I have been investing in and trading the three primary CRISPR public companies for over three years because I believe they represent a paradigm shift in medicine and culture, with the potential to transform the world and life as we know it.

I even include the old-school gene editing company, Sangamo Therapeutics SGMO, because its original innovations with zinc finger nuclease "cut and paste" technology still seem to offer leverage on a future where many diseases can be eliminated or prevented.

This means these stocks offer asymmetrical risk/reward opportunities for biotechnology investors. But the ultimate payoffs could be many years down the road until important clinical trials prove the science is both effective and safe.

Until then, biotech investors will "do what we do" and speculate on those unknown futures. And that means the stocks will have big swings between hopeful euphoria and pessimistic fear.

For instance, in my Healthcare Innovators portfolio, I've owned shares of Editas Medicine EDIT since September of 2017.

And I've watched it go from $20 to $35 at least three times without ever taking any profits.

But with its bigger cohort, CRISPR Therapeutics CRSP, I've traded those shares on multiple big swings, including gains of 83% last year and 71% just last month.

Why did I "trade" CRSP and just hold EDIT?

I wish I could say I had a "more perfect" method to share that captured every big swing. Instead, I had a reasonably good methodology that satisfied my requirements for getting rewarded for some risk, and keeping some risk for potentially higher reward. As you probably know, balancing risk and reward is never one perfect recipe for all investor appetites.

Also, with breakthrough science like this, I've always expected that M&A could be in the future of any of these companies, as a mega-cap behemoth like J&J or Pfizer could snatch them up for pocket change.

In my back-of-envelope decision method, the questions I asked myself each time formed sort of an if/then matrix like this...

1. Do I own all 3 CRISPR stocks? If so, taking out-sized profits on one of them seems prudent -- especially with a "mad scientist" mood about gene editing always lurking in the news.

2. Where is the market cap relative to where it could be? EDIT and Intellia Therapeutics NTLA were always very strong buy candidates to me near/under a $1 billion valuation vs. their potential of $3+ billion take-out bids.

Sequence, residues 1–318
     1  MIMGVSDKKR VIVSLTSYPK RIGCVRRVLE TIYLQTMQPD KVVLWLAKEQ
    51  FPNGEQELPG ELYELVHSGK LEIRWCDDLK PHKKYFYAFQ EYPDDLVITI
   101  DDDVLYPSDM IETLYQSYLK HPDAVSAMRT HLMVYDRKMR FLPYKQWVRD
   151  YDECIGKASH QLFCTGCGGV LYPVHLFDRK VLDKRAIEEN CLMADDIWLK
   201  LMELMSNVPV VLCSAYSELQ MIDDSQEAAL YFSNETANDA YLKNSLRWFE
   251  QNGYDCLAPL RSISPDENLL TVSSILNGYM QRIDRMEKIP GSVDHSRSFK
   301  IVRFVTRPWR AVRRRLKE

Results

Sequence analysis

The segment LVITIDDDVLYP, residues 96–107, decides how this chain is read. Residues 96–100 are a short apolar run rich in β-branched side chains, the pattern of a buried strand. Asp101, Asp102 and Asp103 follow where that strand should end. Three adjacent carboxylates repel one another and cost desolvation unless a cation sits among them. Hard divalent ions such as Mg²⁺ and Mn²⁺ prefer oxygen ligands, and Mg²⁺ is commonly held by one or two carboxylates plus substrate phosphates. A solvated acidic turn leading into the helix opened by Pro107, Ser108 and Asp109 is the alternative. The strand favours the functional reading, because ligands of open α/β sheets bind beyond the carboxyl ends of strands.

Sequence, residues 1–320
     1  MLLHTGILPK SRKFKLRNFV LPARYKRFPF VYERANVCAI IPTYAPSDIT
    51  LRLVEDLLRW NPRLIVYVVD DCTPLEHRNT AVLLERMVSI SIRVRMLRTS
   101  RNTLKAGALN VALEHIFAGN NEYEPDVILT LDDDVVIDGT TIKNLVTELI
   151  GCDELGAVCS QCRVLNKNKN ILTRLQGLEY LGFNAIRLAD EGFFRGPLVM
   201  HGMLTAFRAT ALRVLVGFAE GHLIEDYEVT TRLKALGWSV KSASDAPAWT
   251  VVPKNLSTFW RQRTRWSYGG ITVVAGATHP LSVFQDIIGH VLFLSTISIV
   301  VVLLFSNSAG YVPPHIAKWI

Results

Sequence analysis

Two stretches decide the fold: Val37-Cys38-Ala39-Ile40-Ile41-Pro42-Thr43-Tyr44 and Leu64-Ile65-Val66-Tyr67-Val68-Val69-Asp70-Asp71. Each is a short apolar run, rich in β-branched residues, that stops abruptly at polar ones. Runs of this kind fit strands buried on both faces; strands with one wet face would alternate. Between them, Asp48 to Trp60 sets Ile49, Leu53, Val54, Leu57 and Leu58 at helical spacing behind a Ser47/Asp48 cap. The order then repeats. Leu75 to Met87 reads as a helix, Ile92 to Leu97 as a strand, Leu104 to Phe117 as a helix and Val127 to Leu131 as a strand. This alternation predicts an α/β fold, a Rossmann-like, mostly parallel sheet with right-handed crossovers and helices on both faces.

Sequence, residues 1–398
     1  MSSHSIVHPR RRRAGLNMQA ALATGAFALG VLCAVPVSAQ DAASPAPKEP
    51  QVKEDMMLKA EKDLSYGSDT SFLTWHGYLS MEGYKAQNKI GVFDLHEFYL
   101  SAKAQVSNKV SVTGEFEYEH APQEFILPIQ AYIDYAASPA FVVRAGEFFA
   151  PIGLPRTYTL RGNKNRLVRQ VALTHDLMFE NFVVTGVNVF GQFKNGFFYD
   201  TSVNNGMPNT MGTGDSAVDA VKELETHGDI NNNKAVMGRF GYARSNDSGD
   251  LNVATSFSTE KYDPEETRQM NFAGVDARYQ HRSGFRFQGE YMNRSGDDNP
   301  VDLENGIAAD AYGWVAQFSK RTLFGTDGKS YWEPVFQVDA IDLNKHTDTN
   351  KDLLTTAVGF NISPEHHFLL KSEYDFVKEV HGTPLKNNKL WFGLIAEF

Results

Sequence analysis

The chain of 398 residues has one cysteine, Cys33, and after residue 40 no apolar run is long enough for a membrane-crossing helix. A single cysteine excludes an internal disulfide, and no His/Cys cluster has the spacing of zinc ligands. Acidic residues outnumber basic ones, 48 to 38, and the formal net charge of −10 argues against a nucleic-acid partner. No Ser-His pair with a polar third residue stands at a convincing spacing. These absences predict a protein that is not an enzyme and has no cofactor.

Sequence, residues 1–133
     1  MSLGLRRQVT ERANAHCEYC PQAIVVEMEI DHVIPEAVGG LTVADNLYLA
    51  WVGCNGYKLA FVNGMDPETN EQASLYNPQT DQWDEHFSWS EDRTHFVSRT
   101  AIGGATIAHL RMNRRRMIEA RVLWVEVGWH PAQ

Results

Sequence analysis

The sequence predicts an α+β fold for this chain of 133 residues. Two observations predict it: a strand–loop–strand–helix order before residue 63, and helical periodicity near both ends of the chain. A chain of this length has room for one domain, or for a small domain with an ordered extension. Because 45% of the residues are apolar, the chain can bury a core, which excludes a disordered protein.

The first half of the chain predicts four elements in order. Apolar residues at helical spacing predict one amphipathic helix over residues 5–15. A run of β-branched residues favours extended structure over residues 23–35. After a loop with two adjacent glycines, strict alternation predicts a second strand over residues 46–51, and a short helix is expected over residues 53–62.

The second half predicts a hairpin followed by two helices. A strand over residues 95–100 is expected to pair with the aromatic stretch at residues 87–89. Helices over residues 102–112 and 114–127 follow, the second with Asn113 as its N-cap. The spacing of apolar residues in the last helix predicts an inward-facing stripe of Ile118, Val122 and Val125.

3. How is the pipeline developing? EDIT and CRSP R&D have been active and progressing nicely, so there was always an upside risk with taking profits on them -- unless the clinical data is more than a quarter away, as it was for CRSP when I recently sold above $100.

4. What's the big pharma M&A weather look like? If positive, then always consider keeping at least two of the stocks, no matter what the broad market is doing.

5. And CRSP itself presents a special situation where its "big bro" and research partner Vertex Pharmaceuticals VRTX is so involved in clinical trials for hemoglobinopathies, like sickle cell disease and beta thalassemia, that no other big pharma is likely to bid for CRSP.

In the video that accompanies this article, I explain this decision-making process with real examples of trades I've done. And I also share why and which major Wall Street investment bank has a "Sell" rating and $31 price target on CRSP.

In the end, the answer to the CRISPR conundrum of "buy or trade?" is not a simple "yes" or "no." It's more of a "yes, and yes."

If you want to learn more about CRISPR biotechnology and these stocks, just email [email protected] and ask for my special report The Century of Biology: 7 Biotech Stocks to Buy Now. Tell 'em Cooker sent you.

Disclosure: I own EDIT, NTLA, and SGMO shares for the Zacks Healthcare Innovators portfolio.
 

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